Bighorn Restoration in Nebraska
"Phase One was to identify, via helicopter capture, disease-free individuals for a relocation trap and transfer scheduled for February 2023," said Kevin Hurley WSF's VP for Conservation. "NGPC also collected biological samples to compare three different disease testing methods against each other, to improve the overall speed and reliability of testing, something all WSF’s agency partners can use going forward."
WSF facilitated raising $160,200 to purchase the GPS tracking collars for this first capture. Iowa FNAWS contributed $50,000 to this project. Partners making $25,000 donations included Grizzly Outdoor Corps of Winston-Salem, NC, and the Gilchrist Foundation of Sioux City, IA. A dozen WSF Chapters and Affiliates each pledged $5,000, including Utah WSF, Midwest WSF, Washington WSF, Arizona Desert Bighorn Sheep Society, Montana WSF, Texas Bighorn Society, Wild Sheep Society of BC, Oregon WSF, Alaska WSF, New Mexico WSF, California WSF, and Idaho WSF. Karen Gordon of Alaska also individually contributed $200.
Nebraska was once home to abundant bighorn sheep populations. By all accounts, they were gone by the early 1900s. Repopulating the Cornhusker State began in 1981 by translocating surplus wild sheep from other states. Today there is an estimated population of 250-275 bighorn sheep.
Historically and today, the loss of wild sheep has been traced to disease die-offs from pathogen/disease transmission from domestic to wild sheep.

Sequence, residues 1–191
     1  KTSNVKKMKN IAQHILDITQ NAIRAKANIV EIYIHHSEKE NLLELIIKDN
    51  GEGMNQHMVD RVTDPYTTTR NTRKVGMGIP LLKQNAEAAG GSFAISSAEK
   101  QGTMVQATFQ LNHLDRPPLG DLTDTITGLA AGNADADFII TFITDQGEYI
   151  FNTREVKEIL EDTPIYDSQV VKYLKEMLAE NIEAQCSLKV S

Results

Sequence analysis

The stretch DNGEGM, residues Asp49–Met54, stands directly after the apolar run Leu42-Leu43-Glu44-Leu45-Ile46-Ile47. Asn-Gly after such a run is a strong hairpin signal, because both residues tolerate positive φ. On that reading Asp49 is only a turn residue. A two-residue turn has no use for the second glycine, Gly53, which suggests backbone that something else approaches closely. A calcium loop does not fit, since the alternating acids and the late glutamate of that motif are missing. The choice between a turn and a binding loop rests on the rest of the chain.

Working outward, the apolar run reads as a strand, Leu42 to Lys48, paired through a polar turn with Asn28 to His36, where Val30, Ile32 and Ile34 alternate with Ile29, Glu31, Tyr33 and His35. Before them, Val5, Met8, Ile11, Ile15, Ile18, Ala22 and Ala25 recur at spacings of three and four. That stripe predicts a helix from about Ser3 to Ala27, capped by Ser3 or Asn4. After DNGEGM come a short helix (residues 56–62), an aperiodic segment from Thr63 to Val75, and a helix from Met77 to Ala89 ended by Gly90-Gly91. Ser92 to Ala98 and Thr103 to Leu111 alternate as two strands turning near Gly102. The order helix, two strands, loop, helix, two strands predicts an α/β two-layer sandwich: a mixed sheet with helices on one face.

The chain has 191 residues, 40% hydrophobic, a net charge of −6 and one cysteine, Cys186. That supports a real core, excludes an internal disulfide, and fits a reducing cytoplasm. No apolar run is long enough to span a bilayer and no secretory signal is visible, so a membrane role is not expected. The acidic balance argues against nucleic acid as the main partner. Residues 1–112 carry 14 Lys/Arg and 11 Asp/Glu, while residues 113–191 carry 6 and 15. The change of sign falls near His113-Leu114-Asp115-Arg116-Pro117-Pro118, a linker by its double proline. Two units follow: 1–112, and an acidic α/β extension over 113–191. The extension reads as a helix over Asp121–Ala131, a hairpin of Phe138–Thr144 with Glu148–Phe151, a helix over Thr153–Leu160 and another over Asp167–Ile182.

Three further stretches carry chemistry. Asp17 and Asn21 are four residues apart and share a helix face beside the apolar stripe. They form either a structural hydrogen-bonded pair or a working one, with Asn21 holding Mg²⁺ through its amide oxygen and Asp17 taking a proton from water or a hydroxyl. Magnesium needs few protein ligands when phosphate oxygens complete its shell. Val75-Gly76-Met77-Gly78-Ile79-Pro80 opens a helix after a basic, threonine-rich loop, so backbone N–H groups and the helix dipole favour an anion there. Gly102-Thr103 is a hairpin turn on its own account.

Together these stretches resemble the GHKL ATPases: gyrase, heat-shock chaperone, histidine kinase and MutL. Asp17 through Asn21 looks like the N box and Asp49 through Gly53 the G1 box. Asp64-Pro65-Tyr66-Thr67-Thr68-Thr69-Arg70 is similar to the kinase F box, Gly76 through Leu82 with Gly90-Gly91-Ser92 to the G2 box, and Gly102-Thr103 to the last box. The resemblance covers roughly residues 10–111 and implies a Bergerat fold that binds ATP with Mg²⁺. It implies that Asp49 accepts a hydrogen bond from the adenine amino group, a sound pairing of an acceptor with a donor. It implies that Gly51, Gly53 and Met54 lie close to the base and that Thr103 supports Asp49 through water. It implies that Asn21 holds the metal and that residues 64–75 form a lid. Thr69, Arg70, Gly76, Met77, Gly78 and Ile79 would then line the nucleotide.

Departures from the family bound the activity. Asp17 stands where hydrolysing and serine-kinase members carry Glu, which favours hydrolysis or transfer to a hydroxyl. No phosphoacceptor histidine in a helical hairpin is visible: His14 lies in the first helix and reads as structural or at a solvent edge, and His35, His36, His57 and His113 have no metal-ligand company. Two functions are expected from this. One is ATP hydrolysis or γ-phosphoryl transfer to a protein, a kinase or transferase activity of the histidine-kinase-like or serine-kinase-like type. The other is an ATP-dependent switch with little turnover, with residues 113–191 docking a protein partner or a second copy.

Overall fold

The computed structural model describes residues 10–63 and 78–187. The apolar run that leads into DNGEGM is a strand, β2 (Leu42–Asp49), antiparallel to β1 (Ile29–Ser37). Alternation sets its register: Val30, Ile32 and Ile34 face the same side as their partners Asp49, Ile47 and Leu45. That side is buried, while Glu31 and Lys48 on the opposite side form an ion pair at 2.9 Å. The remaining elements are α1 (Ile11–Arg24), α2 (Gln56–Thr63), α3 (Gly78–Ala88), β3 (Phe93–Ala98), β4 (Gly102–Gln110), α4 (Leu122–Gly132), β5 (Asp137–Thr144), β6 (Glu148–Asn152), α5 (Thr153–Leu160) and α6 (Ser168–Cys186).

This was truly a group effort, from funding to execution to testing," Hurley explained. "Those of us standing guard over our wild sheep know we have got to get a handle on the number one thing holding back recovering wild sheep in more of their historical ranges – disease."
Biological samples were gathered from the captured, collared, and released sheep. Nasal swab samples were, and will be, sent to the Washington Animal Disease Diagnostic Laboratory (WADDL), currently considered the “gold standard” diagnostic lab for testing for the bacteria Mycoplasma ovipneumoniae (Movi).
For the upcoming February capture 2023, a field PCR amplification tool known as a Biomeme will be utilized for on-site diagnosis of Movi presence. In addition, in a pioneering effort, Working Dogs 4 Conservation (WD4C) will be on hand to provide another diagnostic tool for Movi testing in the field. This is a promising new program where "sniffer" dogs have been trained to detect the presence of Movi from sheep fecal pellets.
The Nebraska Game and Parks Commission plans to capture 50-70 bighorns during the fall and winter of 2022 and 2023. Most will be released, but this February, between 20-25 ewes are scheduled to be transplanted to the Pine Ridge region of Nebraska's panhandle, where there is a shortage of breeding-age ewes.